First, the Big 12 North Division and its nonconference opponents.

And don't say we didn't warn you about some of these players.


NEBRASKA CORNHUSKERS
Florida Atlantic (Sept. 5): QB Rusty Smith (No. 89)Arkansas State (Sept. 12): DE Alex Carrington (No. 97), RB Reggie Arnold (No. 124), QB Corey Leonard (No. 129)at Virginia Tech (Sept. 19): QB Tyrod Taylor (No. 93), G Sergio Render (No. 98), CB Stephan Virgil (No. 147)Louisiana-Lafayette (Sept. 26): None
KANSAS JAYHAWKS
Northern Colorado (Sept. 5): Noneat UTEP (Sept. 12): QB Trevor Vittatoe (No. 163)Duke (Sept. 19): DT Vince Oghobaase (No. 102)Southern Mississippi (Sept. 26): RB Damion Fletcher (No. 67)
MISSOURI TIGERS
Illinois (at St. Louis, Sept. 5): WR Arrelious Been (No. 25), QB Juice Williams (No. 41), LB Martez Wilson (No. 174)Bowling Green (Sept. 12): NoneFurman (Sept. 19): Noneat Nevada (Sept. 25): QB Colin Kaepernick (No. 34), DE Kevin Basped (No. 149), DE Dontay Moch (No. 167), RB Vai Taua (No. 200)

COLORADO BUFFALOES
Colorado State (Sept. 6): Noneat Toledo (Sept. 11): SS Barry Church (No. 128)Wyoming (Sept. 19): DT John Fletcher (No. 161)at West Virginia (Oct. 1): RB Noel Devine (No. 75), LB Reed Williams (No. 96), DT Scooter Berry (No. 125), QB Jarrett Brown (No. 140)
KANSAS STATE WILDCATS
Massachusetts (Sept. 5): NoneLouisiana-Lafayette (Sept. 12): NoneUCLA (Sept. 19): DT Brian Price (No. 21), CB Alterraun Verner (No. 83), LB Reggie Carter (No. 107)Tennessee Tech (Sept. 26): None.
IOWA STATE CYCLONES
North Dakota State (Sept. 3): NoneIowa (Sept. 12): T Bryan Bulaga (No. 80), LB Pat Angerer (No. 177)at Kent State (Sept. 19): RB Eugene Jarvis (No. 94)Army (Sept. 26): None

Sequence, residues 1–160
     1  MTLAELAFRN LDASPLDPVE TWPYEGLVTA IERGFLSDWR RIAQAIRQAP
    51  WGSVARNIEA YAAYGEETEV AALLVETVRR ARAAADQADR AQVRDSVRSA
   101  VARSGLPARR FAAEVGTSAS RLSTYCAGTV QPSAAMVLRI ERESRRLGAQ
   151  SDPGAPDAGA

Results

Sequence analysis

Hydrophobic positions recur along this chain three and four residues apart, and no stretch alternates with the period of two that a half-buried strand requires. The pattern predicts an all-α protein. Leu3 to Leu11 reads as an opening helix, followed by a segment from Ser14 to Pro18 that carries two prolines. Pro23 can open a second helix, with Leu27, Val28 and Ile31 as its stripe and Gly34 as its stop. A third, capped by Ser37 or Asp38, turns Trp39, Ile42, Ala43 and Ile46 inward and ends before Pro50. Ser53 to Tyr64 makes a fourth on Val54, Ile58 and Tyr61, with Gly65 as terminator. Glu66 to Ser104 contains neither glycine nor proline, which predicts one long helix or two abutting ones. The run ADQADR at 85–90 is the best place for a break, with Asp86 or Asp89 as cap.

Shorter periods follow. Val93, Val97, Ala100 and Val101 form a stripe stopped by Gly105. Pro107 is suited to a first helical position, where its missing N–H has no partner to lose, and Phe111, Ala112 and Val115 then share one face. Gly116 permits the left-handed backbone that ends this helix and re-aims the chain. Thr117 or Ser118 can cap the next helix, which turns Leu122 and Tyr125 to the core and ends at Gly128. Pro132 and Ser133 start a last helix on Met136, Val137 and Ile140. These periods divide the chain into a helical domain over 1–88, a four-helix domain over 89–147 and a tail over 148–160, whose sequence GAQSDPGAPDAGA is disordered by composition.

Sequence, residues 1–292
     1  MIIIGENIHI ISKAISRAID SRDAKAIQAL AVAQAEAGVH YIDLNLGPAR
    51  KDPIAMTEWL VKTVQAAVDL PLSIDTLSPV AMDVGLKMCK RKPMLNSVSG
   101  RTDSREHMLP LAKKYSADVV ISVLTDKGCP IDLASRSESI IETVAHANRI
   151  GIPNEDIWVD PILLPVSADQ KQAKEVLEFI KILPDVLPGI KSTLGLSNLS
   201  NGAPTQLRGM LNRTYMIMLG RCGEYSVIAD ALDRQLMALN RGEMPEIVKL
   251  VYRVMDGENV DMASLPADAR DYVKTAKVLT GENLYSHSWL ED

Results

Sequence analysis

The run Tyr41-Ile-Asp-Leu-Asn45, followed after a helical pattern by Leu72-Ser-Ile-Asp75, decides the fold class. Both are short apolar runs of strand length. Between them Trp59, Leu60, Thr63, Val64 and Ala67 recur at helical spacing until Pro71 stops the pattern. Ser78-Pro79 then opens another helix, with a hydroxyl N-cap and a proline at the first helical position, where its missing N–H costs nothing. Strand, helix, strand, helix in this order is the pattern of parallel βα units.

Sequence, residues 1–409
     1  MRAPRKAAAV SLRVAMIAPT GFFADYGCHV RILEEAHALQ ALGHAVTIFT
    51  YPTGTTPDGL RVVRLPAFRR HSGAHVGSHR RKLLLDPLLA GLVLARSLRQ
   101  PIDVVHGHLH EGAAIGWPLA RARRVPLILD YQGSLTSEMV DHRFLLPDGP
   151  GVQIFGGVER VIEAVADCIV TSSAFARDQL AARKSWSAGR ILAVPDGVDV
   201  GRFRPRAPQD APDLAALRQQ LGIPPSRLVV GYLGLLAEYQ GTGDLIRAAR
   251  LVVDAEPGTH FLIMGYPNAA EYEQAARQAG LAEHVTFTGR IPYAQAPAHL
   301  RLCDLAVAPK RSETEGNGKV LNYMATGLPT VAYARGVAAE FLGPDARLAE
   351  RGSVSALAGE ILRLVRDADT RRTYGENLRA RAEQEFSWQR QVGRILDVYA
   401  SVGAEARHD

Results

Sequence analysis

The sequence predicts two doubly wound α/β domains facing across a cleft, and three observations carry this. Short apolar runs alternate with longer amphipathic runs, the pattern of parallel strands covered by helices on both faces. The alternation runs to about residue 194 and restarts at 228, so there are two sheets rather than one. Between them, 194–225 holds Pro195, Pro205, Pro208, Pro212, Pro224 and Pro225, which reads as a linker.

Coming Thursday: The South Division and its nonconference opponents.

Three predictions for Missouri

August, 6, 2009
8/06/09
9:59
PM ET

Posted by ESPN.com's Tim Griffin

There's no doubt after spending a lot of time around Missouri players last week that they feel disrespected by preseason prognosticators who aren't picking them to contend in the North Division title race this season.

Sure, the Tigers lose players like Chase Daniel, Chase Coffman, Jeremy Maclin, William Moore, Ziggy Hood and Jeff Wolfert from their back-to-back title-game teams. All arguably are among the greatest players at their positions in school history.

Recruiting has picked up in recent years for the Tigers. And that infusion will have them be competitive in nearly every game this season.

But being able to contend for a third-straight appearance in the Big 12 championship game might be a different story -- particularly with the balance that should be present in the rest of the division this season.

Here's a look at three predictions for the Tigers this year.

1. There's no way that Missouri can escape the nonconference part of their schedule without at least one loss.

Illinois has lost all four games in the Missouri series since it returned to St. Louis in 2002. The Illini have been embarrassed by allowing an average of 46 points per game in the last two seasons. They will want revenge and with Juice Williams, they probably will get it this season.